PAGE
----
There are numerous species of finch, but among the most popular as pets are the zebra finch (Poephila guttata) and the society (or Bengalese) finch (Lonchura domestica). These species are hardy and relatively easy to care for, so are an excellent choice for the new owner. Some of the other finch species are more challenging to care for and are best left for more experienced finch keepers. As an example, the Lady Gouldian finch is a strikingly beautiful, brightly colored finch, but are more difficult to care for and keep successfully than zebra finches.
Zebra finches are small birds, and are active and fun to watch, and quiet when it comes to vocalization (chirps and peeps that most people find easy to tolerate). Although small, they need a fairly large cage in order to have flight room (the length of the cage is more important than the height). All finches are social and should be kept in pairs - and a male and female pair will usually breed quite readily so you may want to consider keeping only females. Some people recommend keeping either in pairs or in groups larger than 6. Of course, if keeping more than a pair, you will need a larger cage such as a flight cage or aviary. While they are social with each other they are not birds that bond strongly to people (although they do become quite tame) and are good for watching but not for handling.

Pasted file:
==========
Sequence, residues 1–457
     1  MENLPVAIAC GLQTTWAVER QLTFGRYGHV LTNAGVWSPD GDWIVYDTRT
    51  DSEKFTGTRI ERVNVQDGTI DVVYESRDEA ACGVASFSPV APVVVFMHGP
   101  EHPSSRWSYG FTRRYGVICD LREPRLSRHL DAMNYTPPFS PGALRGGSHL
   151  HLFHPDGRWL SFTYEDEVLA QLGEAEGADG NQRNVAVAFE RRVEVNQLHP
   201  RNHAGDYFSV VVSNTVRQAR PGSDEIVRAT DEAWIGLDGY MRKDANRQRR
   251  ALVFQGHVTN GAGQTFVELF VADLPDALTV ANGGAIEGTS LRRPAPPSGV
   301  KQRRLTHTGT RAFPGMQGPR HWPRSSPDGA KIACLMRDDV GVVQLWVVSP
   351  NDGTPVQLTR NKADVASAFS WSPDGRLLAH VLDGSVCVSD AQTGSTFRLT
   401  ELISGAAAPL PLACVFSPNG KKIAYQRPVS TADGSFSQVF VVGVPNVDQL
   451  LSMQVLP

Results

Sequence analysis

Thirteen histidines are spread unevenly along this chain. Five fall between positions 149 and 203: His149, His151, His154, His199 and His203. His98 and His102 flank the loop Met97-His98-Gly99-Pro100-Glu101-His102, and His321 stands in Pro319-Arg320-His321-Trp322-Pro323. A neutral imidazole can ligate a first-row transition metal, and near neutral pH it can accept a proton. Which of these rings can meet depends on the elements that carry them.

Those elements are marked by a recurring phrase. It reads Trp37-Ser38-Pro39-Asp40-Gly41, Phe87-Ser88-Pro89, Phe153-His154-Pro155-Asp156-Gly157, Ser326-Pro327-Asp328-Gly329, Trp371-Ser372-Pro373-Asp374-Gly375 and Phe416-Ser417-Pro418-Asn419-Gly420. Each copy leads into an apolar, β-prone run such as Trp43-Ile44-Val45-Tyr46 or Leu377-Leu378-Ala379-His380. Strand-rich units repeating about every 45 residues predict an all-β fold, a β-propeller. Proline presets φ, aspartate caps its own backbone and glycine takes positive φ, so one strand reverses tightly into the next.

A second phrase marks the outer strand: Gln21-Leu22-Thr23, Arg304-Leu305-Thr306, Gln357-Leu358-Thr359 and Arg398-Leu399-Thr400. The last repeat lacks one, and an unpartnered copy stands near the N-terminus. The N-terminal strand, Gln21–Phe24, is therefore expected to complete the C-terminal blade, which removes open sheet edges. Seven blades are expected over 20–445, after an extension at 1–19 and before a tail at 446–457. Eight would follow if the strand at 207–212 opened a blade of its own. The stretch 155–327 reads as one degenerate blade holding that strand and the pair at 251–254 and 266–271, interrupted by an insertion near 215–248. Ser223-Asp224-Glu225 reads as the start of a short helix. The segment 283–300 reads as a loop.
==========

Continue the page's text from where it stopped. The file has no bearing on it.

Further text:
In general, finches have an expected lifespan of anywhere from 5-15 years. The wide range here can probably be attributed to species differences as well as an increased understanding of their husbandry, especially diet.
Zebra finches are arguably the most popular species found in the North American pet trade. They are attractive birds, and males are easily distinguished from the females. The males have black and white bars on the throat and breast, orange cheek patches and brown on the sides of the body. Both males and females have red-orange beaks, although the male's is much brighter in hue. The above description applies to the wild type coloration; a wide variety of color mutations are now available. For excellent photos of a number of mutations see the Zebra Finches Chart on eFinch.com
Next: Cages for Zebra Finches